Well, no. Nomad Capitalist live is our annual event. It’s designed whether you have a 7 or 8 figure, you know income or net worth that we normally work with those folks whether you’re there and you’re just exploring or whether you’re not yet there yet, come and learn the R&D come and learn the changes. We have some presentations we give every year, and we just update. Here’s what’s changed. Here’s what’s harder. Here’s what’s easier. Here’s a new program, but it’s basically four days of pretty much non-stop information and non-stop networking. On increasing your finance, your freedom and your lifestyle. Using internationalization tactics, whether it’s bank accounts, whether it’s, you know, vaults, whether it’s residents, citizenship, lifestyle, we try and provide some color commentary. We’ve got some keynote speakers such as yourself, we’ve got Jim Rogers, the venture capital. We’ve got a lot of, you know, Mark Faber, a lot of big names are coming, but it’s also our team that’s in the trenches of people saying you want to run your company overseas. Here’s 7 problems we’ve had, and we’ve seen people have don’t do these things. Hey, here’s 5 new residences you’ve never heard of, and nobody can sponsor it. Nobody can pay to speak. So, it’s a premium ticket because there’s nothing for sale. If you want to work with us, you can. We’ll have a few of our vendors there if you want to work with them, you can, but no one’s gonna be selling anything on the stage. You know, we’ve got one day that starts at 8:00 in the morning and goes till like 10:30 at night. I wanna jam this in so that anybody can come and learn a lot. But anyway, it’s happening September 6th through the 9th in Kuala Lumpur, Malaysia. It’s worth the trip in my opinion. Malaysia is incredibly affordable. Right now, the five Star Hotel we’re at colonial style, the majestic 1 of my favorites in the world. Less than 100 bucks a night. Get a full health checkup at Prince Court Medical Center for 300 bucks. We’ve got about 40 people I think doing that, we’ve helped them set it up to do an A-Z physical. It probably cost you 5 to 10 grand somewhere else. So, I just think you know it’s in Malaysia because I wanted to show people Malaysia. I’ve been there for a decade and it is a little bit further for some folks, but I think you’ll discover the alternative that we’re talking about, English speaking, friendly people, very open country you know, if you’re not Malaysian Muslim and you wanna have half your culo showing from your shorts, nobody’s gonna bother you. I know you like to do that you like to sometimes, you know, with the little short shorts. But I’m just a big fan and I think that, you know, our brand is about things that I’ve done and that I wish other people could save the leg work. And I think Kuala Lumpur is a great place to see and this is a four-day event that I don’t think we’ve had a single complaint the last couple of years. I think everybody just it’s just endless information and the people you’ll meet are incredible.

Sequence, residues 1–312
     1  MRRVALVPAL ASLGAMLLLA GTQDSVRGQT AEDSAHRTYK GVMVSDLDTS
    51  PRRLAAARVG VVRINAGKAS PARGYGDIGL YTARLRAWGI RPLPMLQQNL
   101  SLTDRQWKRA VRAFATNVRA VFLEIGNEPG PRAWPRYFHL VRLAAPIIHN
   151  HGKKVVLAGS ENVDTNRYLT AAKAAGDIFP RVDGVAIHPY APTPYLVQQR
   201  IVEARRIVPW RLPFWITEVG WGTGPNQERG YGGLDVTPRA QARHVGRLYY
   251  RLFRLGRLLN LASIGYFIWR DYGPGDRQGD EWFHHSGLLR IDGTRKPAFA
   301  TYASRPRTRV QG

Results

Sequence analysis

Stephan Livera 00:49:13  

And I think the other aspect that I personally will find interesting is also the chance to just network and just chat with other like-minded people. Because sometimes, yeah, it can be difficult to connect with a certain kind of person. And I think sometimes when you go to that kind of conference actually it’s also, it’s obviously I’m sure the talks and the content will be great up on the stage. But it’s also about the networking and the people you meet in the side corridors and the and the hallway and the, you know, and the dinners and the events. I think that’s an interesting element, also the networking. 

Andrew Henderson 00:49:43